Light Over Heat #17: Are Gun Owners Thoughtful Risk Analysts?

The idea that guns are a risk factor – for homicide, suicide, accidental death, and injury – was a central idea at the gun violence prevention writers workshop I attended in Hartford earlier this month (see Light Over Heat #15 and Light Over Heat #16). This week I reflect more broadly on the role of risk in our lives.

I am risk-averse in certain ways, but in other ways, I take risks all the time. Notably, drinking alcohol which has many well-documented short-term and long-term health risks. Rather than always trying to avoid risk, perhaps we should, in gun trainer Will Petty’s terms, think of risk as a currency that we get to choose how to spend?

In spending our risk wisely, we need to be thoughtful risk analysts and wise risk managers. In bringing firearms into their homes and lives, gun owners are assuming a certain amount of risk for themselves and their loved ones.

This raises the question: Are gun owners thoughtful risk analysts for their own lives?

Mentioned in this week’s video are Jonathan Metzl’s book Dying of Whiteness, John Farnam’s “rules of stupid,” the Center for Disease Control’s page on alcohol use and your health, and San Francisco’s last gun store, High Bridge Arms, that was forced to close in 2015.

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One comment

  1. We need to understand the risks and benefits of the choices we make and practice risk management. If something does not have a benefit to you, avoid its risks. I never enjoyed rock climbing, so I don’t worry about the risk of falling off a cliff face since I don’t do it.

    I spent a career working with Plutonium, other actinides, high voltage systems, pressurized systems, concentrated mineral acids including hydrofluoric and perchloric, and Category I chemicals in a university laboratory and then a government nuclear facility. All those things entailed risk but part of the job was risk management and risk minimization. The benefit to me was working in some of the most fascinating laboratory environments I could imagine working in as a Ph.D. scientist. As the lead scientist in those labs, it was also my job to manage the risks for all the folks working with me by mentoring them. That was also a leadership challenge, which I enjoyed.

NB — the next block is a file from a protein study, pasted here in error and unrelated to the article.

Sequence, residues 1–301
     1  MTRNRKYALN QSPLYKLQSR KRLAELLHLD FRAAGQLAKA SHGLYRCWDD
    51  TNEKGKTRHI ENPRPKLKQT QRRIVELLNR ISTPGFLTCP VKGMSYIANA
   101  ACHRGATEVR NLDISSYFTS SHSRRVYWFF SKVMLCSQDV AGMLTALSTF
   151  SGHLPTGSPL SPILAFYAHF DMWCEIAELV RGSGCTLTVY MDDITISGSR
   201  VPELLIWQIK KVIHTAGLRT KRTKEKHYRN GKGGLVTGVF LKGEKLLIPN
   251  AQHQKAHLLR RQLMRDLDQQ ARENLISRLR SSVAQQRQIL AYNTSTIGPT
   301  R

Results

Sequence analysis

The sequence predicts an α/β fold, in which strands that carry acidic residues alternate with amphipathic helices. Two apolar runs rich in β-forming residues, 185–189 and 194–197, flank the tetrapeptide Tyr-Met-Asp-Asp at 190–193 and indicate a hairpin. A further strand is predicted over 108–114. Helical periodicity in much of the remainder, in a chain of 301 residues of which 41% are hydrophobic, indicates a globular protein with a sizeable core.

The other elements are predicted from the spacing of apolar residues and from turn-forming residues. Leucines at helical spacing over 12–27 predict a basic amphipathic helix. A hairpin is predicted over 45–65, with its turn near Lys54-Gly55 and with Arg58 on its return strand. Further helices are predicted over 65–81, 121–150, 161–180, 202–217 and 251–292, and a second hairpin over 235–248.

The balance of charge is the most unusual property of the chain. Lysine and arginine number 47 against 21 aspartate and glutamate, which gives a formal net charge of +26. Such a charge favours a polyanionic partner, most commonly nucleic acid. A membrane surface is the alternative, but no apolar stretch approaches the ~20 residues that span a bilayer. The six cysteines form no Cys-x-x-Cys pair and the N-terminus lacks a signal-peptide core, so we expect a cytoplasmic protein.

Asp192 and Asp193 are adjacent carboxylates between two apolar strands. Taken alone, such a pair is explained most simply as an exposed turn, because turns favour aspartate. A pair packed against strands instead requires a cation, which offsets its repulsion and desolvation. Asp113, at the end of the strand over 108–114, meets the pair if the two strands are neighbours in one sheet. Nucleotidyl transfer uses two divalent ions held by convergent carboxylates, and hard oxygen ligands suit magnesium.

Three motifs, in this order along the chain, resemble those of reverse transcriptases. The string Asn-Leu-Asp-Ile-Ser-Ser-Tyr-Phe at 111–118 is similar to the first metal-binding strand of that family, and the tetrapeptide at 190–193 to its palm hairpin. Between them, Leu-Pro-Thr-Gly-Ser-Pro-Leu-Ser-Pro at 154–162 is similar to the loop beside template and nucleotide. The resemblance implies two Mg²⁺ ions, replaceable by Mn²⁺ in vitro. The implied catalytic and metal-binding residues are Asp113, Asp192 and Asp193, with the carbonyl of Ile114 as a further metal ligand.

I ride motorcycles. My wife thinks they are death machines. I’ve always enjoyed the adrenaline rush of a good motorcycle ride. I don’t do stupid things with my motorcycle such as ride drunk, do “hold my beer” stunts in traffic, or ride at high risk times or in high risk places. I love an all out mountain road descent on a racing bicycle. That’s probably one of the riskiest things I do, as anyone familiar with Fabio Casartelli’s death would know. I long ago learned to keep that adrenaline rush within what I call the 80th percent margin, i.e., don’t push the envelope until it pushes back. In my case, the change the shorts moment was barely avoiding an oncoming pickup truck on a high speed twisty descent at close to 50 mph on a 20 lb bike with a little bit of lycra and styrofoam between me and my maker.

    I don’t even consider my firearms to be up in the higher risk echelons with the other stuff. Guns, like my chop saw and other power tools can be hazardous, but are well understood and depend only on me rather than all the intangibles those other categories involve (other people’s choices, possible failure in laboratory safety systems, legacy accidents waiting to happen, etc.). Maybe familiarity breeds contempt, but familiarity also breeds a knowledge of failure modes (drinking, mind altering drugs, fatigue, anger, etc). My post doc, Floyd, asked my wife if I was going to be on Ambien after a surgery as he was well aware of the accident potential with the guns. He and my wife discussed it with me and rather than remove the firearms from the house, I refused to fill the prescription.

    David, you hit the nail on the head. Risk is a currency and we need to understand how to spend it, not overdraw the account, and be mindful of the balance just as we need to understand balancing the checkbook. Running the checkbook in the red is bad enough. Running the bike, motorcycle, or gun into the…um…red…can be fatal.


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